There has been significant feedback into Napo HQ and through members of the Probation Negotiating Committee (PNC) who met last week, about the shoddy and disrespectful response to the union’s claims on 2017-18 pay and longer-term probation pay reform. Indeed, I understand that a number of members have written directly to Michael Spurr to tell him in no uncertain terms just how unhappy they are not only with his of excuses, but its underlying sanctimonious tone.
That we are now in a situation where a number of Community Rehabilitation Companies are actually paying (or offering to pay) salaries higher than the NPS, (despite their own well-documented failings), is not something I would have bet on a few months ago, but it’s a strange world of course. Nevertheless, it would be unwise to think that this heralds some type of counter-revolution as many more CRC’s have still not made a pay award for 2017-18 and are prevaricating over their longer-term pay reform agendas.
The farce that we encountered in what passed as pay talks with the NPS hierarchy has been seen by many of those members who have shared their thoughts with us as the ‘thin edge of the wedge’, with many saying that it’s time to get out on the barricades or at least work to rule.
That mood wont have been helped by the statement issued on the NPS Intranet this afternoon together with the ‘Questions and no Answers’ which accompanied it. Talk about digging deeper when one is already in a hole.
This is not just an issue for NPS members
All of this and much more, was the focus for an in depth discussion at the PNC about how Napo and UNISON, (who we are meeting urgently this week) should respond. On Wednesday, the Officers and Officials Group will also be considering that debate, as well as looking at some recommendations that your pay negotiators are currently working on.
I remember making it very clear when I addressed conference last September of my serious doubts that a decent pay rise would arrive unless our members indicated that they were prepared to take industrial action if needs be. The two motions carried at AGM made it clear that the position on 2017-18 Pay and longer-term pay reform had to improve and quickly. It was also resolved that Napo would consult with members with a view to industrial action if necessary. The situation we are in entirely sits with those scenarios
But the expressions of anger that I have been copied into suggest that it’s time for all members, and not just those in the NPS to take a deep breath and realise that wherever you work you face a number of common problems Be it on pay, workloads and health and safety, while you try to shore up a fractured profession and maintain community safety whilst giving lots of goodwill.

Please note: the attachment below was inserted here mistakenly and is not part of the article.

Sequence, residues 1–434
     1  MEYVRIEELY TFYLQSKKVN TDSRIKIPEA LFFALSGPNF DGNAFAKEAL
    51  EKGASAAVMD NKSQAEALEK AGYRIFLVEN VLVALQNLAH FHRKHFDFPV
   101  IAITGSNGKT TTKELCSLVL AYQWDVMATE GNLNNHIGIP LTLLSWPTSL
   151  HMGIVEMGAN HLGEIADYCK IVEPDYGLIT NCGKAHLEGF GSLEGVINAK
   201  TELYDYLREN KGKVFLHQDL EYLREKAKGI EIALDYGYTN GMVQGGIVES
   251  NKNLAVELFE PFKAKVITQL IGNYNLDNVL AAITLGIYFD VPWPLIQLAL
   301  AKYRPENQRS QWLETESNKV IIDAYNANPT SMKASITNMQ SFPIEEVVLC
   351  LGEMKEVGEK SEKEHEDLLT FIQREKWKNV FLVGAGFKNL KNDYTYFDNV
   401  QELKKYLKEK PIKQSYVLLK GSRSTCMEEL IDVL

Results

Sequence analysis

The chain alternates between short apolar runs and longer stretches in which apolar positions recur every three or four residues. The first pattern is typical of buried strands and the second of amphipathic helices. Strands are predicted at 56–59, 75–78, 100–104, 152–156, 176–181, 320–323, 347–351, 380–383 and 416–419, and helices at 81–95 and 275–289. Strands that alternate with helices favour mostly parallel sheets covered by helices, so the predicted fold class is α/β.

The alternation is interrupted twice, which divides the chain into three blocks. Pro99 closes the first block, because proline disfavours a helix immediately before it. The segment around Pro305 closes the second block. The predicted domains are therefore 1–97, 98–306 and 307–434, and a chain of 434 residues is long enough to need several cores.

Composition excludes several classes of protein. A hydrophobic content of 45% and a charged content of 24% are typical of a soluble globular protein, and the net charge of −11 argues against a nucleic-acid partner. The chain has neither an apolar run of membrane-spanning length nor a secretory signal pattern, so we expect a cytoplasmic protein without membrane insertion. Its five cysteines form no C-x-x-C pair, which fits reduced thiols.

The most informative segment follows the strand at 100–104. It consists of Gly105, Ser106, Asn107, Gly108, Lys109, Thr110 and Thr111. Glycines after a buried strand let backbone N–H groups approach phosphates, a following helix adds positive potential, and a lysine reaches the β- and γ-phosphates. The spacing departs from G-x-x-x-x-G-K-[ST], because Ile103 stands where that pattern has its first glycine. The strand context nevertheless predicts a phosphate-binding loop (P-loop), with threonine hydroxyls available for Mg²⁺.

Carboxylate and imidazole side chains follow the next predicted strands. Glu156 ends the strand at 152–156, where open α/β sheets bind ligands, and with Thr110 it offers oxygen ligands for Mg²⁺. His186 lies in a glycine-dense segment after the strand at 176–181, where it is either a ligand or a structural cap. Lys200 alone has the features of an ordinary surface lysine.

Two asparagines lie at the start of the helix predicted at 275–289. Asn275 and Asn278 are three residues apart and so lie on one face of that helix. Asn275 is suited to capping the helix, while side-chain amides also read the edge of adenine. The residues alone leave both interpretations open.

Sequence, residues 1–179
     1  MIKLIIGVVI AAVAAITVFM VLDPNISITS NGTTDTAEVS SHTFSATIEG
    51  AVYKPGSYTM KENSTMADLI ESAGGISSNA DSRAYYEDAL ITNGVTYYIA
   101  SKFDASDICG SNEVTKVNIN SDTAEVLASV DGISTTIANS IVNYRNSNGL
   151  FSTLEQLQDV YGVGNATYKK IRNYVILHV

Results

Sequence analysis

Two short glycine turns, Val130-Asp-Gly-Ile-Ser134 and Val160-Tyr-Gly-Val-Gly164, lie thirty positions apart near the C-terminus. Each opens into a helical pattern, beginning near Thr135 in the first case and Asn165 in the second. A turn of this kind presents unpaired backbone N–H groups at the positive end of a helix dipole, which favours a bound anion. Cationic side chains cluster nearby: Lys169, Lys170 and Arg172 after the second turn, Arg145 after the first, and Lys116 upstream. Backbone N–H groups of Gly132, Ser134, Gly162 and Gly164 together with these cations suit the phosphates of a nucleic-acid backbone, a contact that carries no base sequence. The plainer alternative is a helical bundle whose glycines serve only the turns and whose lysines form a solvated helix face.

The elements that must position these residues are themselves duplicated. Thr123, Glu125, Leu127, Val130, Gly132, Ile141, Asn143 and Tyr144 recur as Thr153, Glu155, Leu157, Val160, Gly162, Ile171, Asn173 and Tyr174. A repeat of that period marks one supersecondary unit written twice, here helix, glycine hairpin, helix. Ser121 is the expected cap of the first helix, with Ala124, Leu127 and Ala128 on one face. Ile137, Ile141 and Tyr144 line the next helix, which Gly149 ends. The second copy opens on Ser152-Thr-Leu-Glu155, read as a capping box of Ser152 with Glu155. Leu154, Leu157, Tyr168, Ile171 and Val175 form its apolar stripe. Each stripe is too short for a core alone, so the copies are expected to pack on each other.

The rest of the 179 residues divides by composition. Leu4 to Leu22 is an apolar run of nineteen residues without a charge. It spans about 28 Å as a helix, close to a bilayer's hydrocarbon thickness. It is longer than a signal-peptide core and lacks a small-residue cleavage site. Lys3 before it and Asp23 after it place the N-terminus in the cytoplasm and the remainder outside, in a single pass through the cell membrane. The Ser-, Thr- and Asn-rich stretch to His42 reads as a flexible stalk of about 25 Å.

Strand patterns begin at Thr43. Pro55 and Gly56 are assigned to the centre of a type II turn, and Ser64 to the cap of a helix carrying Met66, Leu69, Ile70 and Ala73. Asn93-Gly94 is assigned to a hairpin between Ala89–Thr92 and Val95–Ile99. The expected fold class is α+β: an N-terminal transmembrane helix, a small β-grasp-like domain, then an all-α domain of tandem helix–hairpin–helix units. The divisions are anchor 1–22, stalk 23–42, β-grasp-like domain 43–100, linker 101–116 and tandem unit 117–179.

Telling us what you are prepared to do
I intend to report in more detail after this week’s deliberations with colleagues, but it seems very clear to me that members are expecting their union to take a stand over the above issues. No problem with that from my end but, as I have said many times before, our members must decide on where we go next and their willingness to make the employer and this government think again. We will be in touch with you about this very soon.
Napo well represented at the Union Building Conference
Although I was not able to attend the whole event on this occasion, I hear that yet another highly successful General Federation of Trade Union conference took place this weekend at the Yarnfield centre.
Ranjit Singh, Katie Lomas, Yvonne Pattison and Dean Rogers represented Napo. I hear that they all played a leading part in the discussions with sister unions in the vital areas of building membership density, exploring opportunities for greater collaboration between affiliates and how Trade Union Education can help to create opportunities for training for activists and ‘would be’ activists. These are all important facets of Napo’s own ‘Strategy for Growth’, and I would like to thank Doug Nicholls and his team for organising such an excellent event and for their material support to Napo.
The conference also attracted support in the form of Shadow Chancellor John McDonnell and here is a link to the GFTU website for the very welcome speech by John about the importance of the GFTU and its work: http://www.gftu.org.uk/ and here for MP4 aficionados’: https://we.tl/Sq3KJFVVop
GFTU Youth Festival
This looks like it will be an interesting event for younger trade union members. It will take place at the superb Quorn Grange Hotel 20-22 April 2018 and the weekend is full of workshops and activities to give young members a running start into the movement alongside a network of activists wanting to make a difference. To avoid any silly debates about what constitutes ‘young’ in Napo terms, the practice followed by GFTU affiliates is that members follow their own union’s defined policy. If my memory serves me correctly ours was (and still is) applicable to those up to 35 years young. Doug Nicolls might even allow some stretching of the boundaries on that one?
More news on a range of issues later this week